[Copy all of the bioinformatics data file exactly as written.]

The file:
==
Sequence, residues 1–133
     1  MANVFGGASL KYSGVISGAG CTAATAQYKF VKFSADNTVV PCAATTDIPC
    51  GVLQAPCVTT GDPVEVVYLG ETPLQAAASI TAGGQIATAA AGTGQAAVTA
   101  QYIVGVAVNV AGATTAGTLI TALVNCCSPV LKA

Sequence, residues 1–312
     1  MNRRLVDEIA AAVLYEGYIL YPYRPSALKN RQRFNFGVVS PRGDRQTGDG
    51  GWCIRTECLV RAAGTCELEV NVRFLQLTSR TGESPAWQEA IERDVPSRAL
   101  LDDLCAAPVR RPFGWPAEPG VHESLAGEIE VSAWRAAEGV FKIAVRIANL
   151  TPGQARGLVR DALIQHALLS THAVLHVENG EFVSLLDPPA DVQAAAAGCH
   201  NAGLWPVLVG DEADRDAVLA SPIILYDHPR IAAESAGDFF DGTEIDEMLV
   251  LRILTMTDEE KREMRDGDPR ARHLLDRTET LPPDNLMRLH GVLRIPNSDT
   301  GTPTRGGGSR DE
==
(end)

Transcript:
Sequence, residues 1–133
     1  MANVFGGASL KYSGVISGAG CTAATAQYKF VKFSADNTVV PCAATTDIPC
    51  GVLQAPCVTT GDPVEVVYLG ETPLQAAASI TAGGQIATAA AGTGQAAVTA
   101  QYIVGVAVNV AGATTAGTLI TALVNCCSPV LKA

Sequence, residues 1–312
     1  MNRRLVDEIA AAVLYEGYIL YPYRPSALKN RQRFNFGVVS PRGDRQTGDG
    51  GWCIRTECLV RAAGTCELEV NVRFLQLTSR TGESPAWQEA IERDVPSRAL
   101  LDDLCAAPVR RPFGWPAEPG VHESLAGEIE VSAWRAAEGV FKIAVRIANL
   151  TPGQARGLVR DALIQHALLS THAVLHVENG EFVSLLDPPA DVQAAAAGCH
   201  NAGLWPVLVG DEADRDAVLA SPIILYDHPR IAAESAGDFF DGTEIDEMLV
   251  LRILTMTDEE KREMRDGDPR ARHLLDRTET LPPDNLMRLH GVLRIPNSDT
   301  GTPTRGGGSR DE